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Bully Pulpit

The term "bully pulpit" stems from President Theodore Roosevelt's reference to the White House as a "bully pulpit," meaning a terrific platform from which to persuasively advocate an agenda. Roosevelt often used the word "bully" as an adjective meaning superb/wonderful. The Bully Pulpit features news, reasoned discourse, opinion and some humor.

Wednesday, October 19, 2011

In fifth debate, Perry finally shows up

(By Byron York, Campaign 2012) - Twenty-four hours before the Republican presidential debate in Las Vegas, an adviser to Texas Gov. Rick Perry said Perry would try a new strategy after a series of lackluster debate performances. "We're going to pay a little less attention to the rules," the adviser, who asked to remain anonymous, said. "They have rarely been enforced, and we're not going to pay much attention to them." In previous debates, the adviser explained, Perry had tried to abide by time limits, leading some observers to say he seemed passive and withdrawn. Perry intended to make sure that didn't happen in Las Vegas.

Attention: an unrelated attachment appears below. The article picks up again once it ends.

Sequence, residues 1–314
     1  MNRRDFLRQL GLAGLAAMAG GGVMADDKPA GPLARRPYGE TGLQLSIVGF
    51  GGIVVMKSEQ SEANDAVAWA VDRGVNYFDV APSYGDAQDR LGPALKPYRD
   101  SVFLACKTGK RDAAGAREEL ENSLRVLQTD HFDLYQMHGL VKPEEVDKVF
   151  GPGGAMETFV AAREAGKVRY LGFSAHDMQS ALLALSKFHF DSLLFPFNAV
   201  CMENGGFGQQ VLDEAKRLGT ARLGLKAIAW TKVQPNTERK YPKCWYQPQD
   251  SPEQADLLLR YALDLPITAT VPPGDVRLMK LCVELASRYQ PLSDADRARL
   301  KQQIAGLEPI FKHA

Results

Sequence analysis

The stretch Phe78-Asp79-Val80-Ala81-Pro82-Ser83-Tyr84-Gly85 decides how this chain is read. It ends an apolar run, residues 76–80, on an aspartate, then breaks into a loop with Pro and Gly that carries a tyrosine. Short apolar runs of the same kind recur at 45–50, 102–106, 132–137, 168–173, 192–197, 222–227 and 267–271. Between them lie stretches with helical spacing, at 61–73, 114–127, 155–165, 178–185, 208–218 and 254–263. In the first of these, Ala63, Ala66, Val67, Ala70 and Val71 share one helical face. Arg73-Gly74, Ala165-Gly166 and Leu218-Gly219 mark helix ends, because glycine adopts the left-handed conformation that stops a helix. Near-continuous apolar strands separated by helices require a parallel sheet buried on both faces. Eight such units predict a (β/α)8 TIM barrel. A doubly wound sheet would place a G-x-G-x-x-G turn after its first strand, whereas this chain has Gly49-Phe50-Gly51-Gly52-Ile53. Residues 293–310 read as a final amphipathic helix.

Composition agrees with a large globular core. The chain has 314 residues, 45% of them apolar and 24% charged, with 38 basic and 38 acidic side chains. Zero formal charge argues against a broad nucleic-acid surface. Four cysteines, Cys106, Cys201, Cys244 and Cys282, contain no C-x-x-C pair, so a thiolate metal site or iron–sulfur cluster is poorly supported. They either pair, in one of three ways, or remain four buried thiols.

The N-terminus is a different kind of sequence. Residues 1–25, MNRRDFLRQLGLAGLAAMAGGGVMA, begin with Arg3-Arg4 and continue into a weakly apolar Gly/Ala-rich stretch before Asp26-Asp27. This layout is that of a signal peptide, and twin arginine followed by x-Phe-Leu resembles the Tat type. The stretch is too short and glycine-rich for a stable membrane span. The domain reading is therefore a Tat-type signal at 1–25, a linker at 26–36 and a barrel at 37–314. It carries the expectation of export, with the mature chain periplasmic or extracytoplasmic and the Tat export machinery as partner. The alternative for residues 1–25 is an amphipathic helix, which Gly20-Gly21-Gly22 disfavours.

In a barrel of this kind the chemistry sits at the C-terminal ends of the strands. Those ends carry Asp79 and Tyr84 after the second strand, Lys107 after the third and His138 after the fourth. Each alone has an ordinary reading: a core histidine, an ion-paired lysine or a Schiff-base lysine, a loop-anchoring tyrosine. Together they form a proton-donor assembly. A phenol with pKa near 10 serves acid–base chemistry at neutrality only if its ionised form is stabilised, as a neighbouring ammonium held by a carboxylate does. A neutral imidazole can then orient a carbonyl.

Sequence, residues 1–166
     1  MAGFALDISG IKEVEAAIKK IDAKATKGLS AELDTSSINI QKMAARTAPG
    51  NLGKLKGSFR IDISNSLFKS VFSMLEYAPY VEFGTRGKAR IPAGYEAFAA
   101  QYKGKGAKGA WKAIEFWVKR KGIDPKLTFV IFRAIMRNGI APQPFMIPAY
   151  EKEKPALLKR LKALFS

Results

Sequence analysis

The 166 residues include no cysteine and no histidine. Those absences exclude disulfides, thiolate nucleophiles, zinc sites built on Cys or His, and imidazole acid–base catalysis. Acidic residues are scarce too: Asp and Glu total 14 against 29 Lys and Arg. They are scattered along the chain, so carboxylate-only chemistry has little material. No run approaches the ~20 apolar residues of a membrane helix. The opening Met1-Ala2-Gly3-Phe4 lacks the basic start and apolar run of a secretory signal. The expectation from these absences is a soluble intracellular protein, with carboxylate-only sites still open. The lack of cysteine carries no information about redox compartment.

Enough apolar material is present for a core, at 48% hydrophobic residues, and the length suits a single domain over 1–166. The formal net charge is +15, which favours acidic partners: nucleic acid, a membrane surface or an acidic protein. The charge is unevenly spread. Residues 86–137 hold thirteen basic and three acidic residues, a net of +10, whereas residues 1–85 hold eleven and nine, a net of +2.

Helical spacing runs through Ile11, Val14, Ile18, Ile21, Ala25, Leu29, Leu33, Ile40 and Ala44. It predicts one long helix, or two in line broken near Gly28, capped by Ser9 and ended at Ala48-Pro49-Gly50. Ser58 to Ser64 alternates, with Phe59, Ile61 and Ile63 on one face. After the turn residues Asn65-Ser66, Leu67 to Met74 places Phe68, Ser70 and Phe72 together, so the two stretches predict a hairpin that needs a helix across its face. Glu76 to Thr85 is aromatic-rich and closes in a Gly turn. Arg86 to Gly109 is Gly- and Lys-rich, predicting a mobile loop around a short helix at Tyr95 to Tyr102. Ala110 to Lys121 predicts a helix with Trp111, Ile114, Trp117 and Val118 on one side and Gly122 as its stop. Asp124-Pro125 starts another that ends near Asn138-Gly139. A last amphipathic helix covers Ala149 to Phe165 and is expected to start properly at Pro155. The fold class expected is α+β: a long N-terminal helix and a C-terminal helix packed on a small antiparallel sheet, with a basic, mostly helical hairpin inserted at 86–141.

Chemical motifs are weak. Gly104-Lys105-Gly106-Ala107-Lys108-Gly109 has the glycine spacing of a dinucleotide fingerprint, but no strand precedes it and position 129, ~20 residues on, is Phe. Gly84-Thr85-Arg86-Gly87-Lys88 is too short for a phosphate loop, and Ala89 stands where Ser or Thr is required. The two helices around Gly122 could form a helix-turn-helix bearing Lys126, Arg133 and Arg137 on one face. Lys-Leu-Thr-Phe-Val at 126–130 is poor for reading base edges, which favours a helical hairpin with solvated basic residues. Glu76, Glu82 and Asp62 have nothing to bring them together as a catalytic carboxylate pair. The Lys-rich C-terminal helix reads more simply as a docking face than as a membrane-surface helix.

It didn't. The Las Vegas debate was Perry's fifth, but the first one in which Perry really showed up to play. That doesn't mean he won, doesn't mean he was particularly likable, doesn't mean he always had cogent answers. But it does mean that Perry, on the verge of being completely written off as a candidate, gave himself a chance to get back in the game.

And Perry, for the first time in any GOP debate, rattled former Massachusetts Gov. Mitt Romney. He did it by bringing up a 2007 charge that Romney hired illegal immigrants to do lawn work at his Massachusetts home. Jobs are the magnet for illegal immigrants, Perry said. "And Mitt, you lose all of your standing, from my perspective, because you hired illegals in your home and you knew about it for a year. And the idea that you stand here before us and talk about that you're strong on immigration is on its face the height of hypocrisy."


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